Penn Vet Study Seeks Dogs with Chronic Gastrointestinal Problems

The clinical trial will evaluate the role of the microbiome in the resolution of canine chronic enteropathy.

Gina Cioli/I-5 Studios

The University of Pennsylvania School of Veterinary Medicine (Penn Vet) is recruiting dogs for a clinical trial evaluating the role of the intestinal microbiome in dogs with chronic gastrointestinal problems (eg. diarrhea and/or vomiting).

The aim of the study is to determine the composition of the microbiome of the gastrointestinal tract before, during and after treatment. Understanding how these bacteria change in dogs being treated for canine chronic enteropathy (CCE) may lead to better diagnostics and treatments for chronic gastrointestinal diseases in pets, according to Mark Rondeau, DVM, staff veterinarian in internal medicine, and Daniel Beiting, Ph.D., research assistant professor.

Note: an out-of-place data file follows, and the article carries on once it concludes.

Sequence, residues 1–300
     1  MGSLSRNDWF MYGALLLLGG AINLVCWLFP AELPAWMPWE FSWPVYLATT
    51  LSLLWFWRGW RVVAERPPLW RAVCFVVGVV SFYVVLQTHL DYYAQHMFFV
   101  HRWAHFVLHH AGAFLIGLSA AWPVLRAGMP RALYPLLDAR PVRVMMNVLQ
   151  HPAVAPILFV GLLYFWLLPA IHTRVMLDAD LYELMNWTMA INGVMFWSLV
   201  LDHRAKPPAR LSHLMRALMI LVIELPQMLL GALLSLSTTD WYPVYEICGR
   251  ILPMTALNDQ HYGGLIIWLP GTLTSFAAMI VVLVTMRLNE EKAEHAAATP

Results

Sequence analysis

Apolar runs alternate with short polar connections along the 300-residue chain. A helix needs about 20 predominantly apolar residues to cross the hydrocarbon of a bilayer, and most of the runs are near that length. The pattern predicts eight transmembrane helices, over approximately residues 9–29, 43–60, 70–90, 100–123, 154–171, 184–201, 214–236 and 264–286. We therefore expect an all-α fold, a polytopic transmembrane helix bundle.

CCE is a common syndrome in dogs, resulting in diarrhea, vomiting and/or weight loss. The duration and severity of these symptoms vary, as does response to treatment, suggesting that there are multiple factors that contribute to this disease, according to Penn Vet. Common causes include food sensitivity and inflammatory bowel disease. The microbiome has been shown to play an important role in inflammatory bowel disease in humans, Penn Vet further noted.

The researchers plan to enroll 50 dogs for the study. At press time, three dogs had been enrolled.

The study is expected to conclude in February 2016 with results published within the year after completion.

For full eligibility and trial details, visit the website.

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